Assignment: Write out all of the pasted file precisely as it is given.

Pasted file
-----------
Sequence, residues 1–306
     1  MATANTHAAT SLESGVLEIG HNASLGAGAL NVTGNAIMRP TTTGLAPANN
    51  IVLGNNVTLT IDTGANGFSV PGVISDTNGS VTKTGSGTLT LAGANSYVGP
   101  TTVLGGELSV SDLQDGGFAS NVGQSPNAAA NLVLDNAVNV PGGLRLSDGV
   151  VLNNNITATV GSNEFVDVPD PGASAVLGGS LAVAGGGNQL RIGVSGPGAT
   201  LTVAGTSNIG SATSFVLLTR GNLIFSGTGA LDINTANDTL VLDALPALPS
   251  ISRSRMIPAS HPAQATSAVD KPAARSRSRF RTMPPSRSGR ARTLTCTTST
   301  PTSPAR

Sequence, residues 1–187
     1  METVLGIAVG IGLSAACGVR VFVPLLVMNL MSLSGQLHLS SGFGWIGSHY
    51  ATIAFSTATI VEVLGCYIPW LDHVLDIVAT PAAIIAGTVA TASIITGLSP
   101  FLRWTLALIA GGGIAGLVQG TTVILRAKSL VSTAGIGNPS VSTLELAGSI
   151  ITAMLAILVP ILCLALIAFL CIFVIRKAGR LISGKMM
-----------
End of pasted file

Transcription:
Sequence, residues 1–306
     1  MATANTHAAT SLESGVLEIG HNASLGAGAL NVTGNAIMRP TTTGLAPANN
    51  IVLGNNVTLT IDTGANGFSV PGVISDTNGS VTKTGSGTLT LAGANSYVGP
   101  TTVLGGELSV SDLQDGGFAS NVGQSPNAAA NLVLDNAVNV PGGLRLSDGV
   151  VLNNNITATV GSNEFVDVPD PGASAVLGGS LAVAGGGNQL RIGVSGPGAT
   201  LTVAGTSNIG SATSFVLLTR GNLIFSGTGA LDINTANDTL VLDALPALPS
   251  ISRSRMIPAS HPAQATSAVD KPAARSRSRF RTMPPSRSGR ARTLTCTTST
   301  PTSPAR

Sequence, residues 1–187
     1  METVLGIAVG IGLSAACGVR VFVPLLVMNL MSLSGQLHLS SGFGWIGSHY
    51  ATIAFSTATI VEVLGCYIPW LDHVLDIVAT PAAIIAGTVA TASIITGLSP
   101  FLRWTLALIA GGGIAGLVQG TTVILRAKSL VSTAGIGNPS VSTLELAGSI
   151  ITAMLAILVP ILCLALIAFL CIFVIRKAGR LISGKMM